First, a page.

This is well – known viral disease in fish that effect cells and causes them to become enlarged (Megaloblastic), amounting to tens, and in some instances, hundreds of thousand-fold increase in cellular volume. For the cell, the infection is terminal, but otherwise it is not greatly significant for the host. It is not easily transmitted between fish and is not only associated with bad water quality and stress. Lymphocystis is not fatal but in some cases very disfiguring. I have noticed that in some cases its clears by itself when the water temperature starts to rise. It is said that the virus is transmitted between fish when the virus enters through an injury or wound on a fish. The virus may also be transmitted by fish lice, (Argulus) or leaches when the lesion rapture and viral particles are released into the water. Cannibalism of a diseased fish can also cause the virus to spread.

Last Updated on Thursday, 27 August 2009 19:30

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Spring Viremia of Carp

Spring Viremia of Carp (SVC) is caused by the virus rhabdovirus. The disease has been reported in almost all carp species, including gold fish. It is contagious and mostly fatal when effecting fish. The virus is shed in the feces, urine and gill secretions of infected fish into the water where it infects other fish. The virus may be introduced into the pond by new additions of koi, contaminated equipment, clothing and also frogs and birds that migrate between bodies of water. The mortality rate associated with SVC can reach 90 percent depending of the age of the fish and water temperature. As the name implies, outbreaks of SVC are common in spring and autumn.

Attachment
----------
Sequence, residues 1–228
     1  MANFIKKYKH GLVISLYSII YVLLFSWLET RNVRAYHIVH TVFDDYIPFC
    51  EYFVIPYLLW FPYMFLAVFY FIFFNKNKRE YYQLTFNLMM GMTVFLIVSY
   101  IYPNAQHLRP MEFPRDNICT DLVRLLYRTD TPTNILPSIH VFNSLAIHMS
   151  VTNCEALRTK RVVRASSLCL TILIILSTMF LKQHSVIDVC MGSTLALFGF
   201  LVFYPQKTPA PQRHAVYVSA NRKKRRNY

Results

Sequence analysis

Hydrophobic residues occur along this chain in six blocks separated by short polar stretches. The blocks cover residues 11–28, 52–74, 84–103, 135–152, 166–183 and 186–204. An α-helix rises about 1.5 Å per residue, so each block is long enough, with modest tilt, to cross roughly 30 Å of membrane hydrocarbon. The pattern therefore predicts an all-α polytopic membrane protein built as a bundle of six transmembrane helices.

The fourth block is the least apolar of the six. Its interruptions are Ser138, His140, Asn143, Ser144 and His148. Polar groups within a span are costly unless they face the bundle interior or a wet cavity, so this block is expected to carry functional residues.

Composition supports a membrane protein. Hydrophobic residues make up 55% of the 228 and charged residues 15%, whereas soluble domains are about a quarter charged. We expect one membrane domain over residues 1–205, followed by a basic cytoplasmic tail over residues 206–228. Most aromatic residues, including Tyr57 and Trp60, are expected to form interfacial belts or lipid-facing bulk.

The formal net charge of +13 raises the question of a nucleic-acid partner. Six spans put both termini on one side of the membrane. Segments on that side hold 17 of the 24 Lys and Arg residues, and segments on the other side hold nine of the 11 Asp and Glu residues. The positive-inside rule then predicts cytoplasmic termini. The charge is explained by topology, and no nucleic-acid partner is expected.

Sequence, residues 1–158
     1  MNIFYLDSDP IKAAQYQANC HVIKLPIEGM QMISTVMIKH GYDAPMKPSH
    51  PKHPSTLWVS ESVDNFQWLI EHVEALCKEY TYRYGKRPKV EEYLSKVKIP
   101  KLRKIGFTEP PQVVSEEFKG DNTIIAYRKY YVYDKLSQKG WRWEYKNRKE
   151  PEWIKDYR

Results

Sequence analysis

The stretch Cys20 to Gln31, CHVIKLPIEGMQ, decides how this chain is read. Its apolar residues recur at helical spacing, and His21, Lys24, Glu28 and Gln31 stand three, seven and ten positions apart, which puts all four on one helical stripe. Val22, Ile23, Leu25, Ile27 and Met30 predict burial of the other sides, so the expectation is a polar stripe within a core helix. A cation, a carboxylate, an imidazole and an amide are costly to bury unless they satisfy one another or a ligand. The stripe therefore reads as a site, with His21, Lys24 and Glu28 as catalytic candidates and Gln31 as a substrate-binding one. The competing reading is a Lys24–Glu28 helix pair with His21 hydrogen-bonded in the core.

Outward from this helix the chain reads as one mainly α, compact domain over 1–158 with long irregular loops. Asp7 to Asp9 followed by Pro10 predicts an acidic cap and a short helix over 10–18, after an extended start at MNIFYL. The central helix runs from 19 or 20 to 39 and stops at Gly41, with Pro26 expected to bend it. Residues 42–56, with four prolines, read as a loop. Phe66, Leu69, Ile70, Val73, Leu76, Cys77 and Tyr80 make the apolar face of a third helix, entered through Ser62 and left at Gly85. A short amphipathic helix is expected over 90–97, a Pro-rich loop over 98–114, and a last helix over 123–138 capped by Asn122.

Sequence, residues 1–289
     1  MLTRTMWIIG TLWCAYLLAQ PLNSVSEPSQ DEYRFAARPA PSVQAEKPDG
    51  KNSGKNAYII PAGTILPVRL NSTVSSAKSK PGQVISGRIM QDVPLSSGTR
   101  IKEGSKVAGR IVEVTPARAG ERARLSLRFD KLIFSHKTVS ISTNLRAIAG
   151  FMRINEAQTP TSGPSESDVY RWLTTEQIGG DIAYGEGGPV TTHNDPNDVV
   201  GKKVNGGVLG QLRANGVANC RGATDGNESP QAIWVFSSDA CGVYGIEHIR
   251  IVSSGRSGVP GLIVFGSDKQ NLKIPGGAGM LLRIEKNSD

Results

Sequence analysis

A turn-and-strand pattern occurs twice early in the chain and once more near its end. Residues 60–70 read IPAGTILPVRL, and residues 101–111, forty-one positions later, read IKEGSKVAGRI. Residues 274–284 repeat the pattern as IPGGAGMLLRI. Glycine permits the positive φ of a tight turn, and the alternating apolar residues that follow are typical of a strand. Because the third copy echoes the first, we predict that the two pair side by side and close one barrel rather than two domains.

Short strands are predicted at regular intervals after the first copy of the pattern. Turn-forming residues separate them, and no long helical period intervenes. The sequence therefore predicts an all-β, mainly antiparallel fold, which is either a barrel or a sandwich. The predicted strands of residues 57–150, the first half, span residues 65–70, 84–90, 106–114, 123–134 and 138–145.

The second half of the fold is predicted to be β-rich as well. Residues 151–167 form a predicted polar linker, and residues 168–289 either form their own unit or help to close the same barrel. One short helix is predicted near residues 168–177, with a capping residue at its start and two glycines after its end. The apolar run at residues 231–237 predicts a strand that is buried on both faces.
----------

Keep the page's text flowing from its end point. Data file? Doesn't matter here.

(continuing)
The rhabdovirus that causes SVC enters the fish through the gills. Other ways of contracting the disease is through blood sucking parasites like leeches and fish lice. Experimental transmission has been successful with introduction of infected fish, immersion into effected water and through intraperitonal injection. It is said that application of the virus to lesions on the skin did not result into transmission of the virus. It is also suggested that the virus can be passed on from female parent, to egg to juvenile.

Last Updated on Friday, 14 November 2008 08:40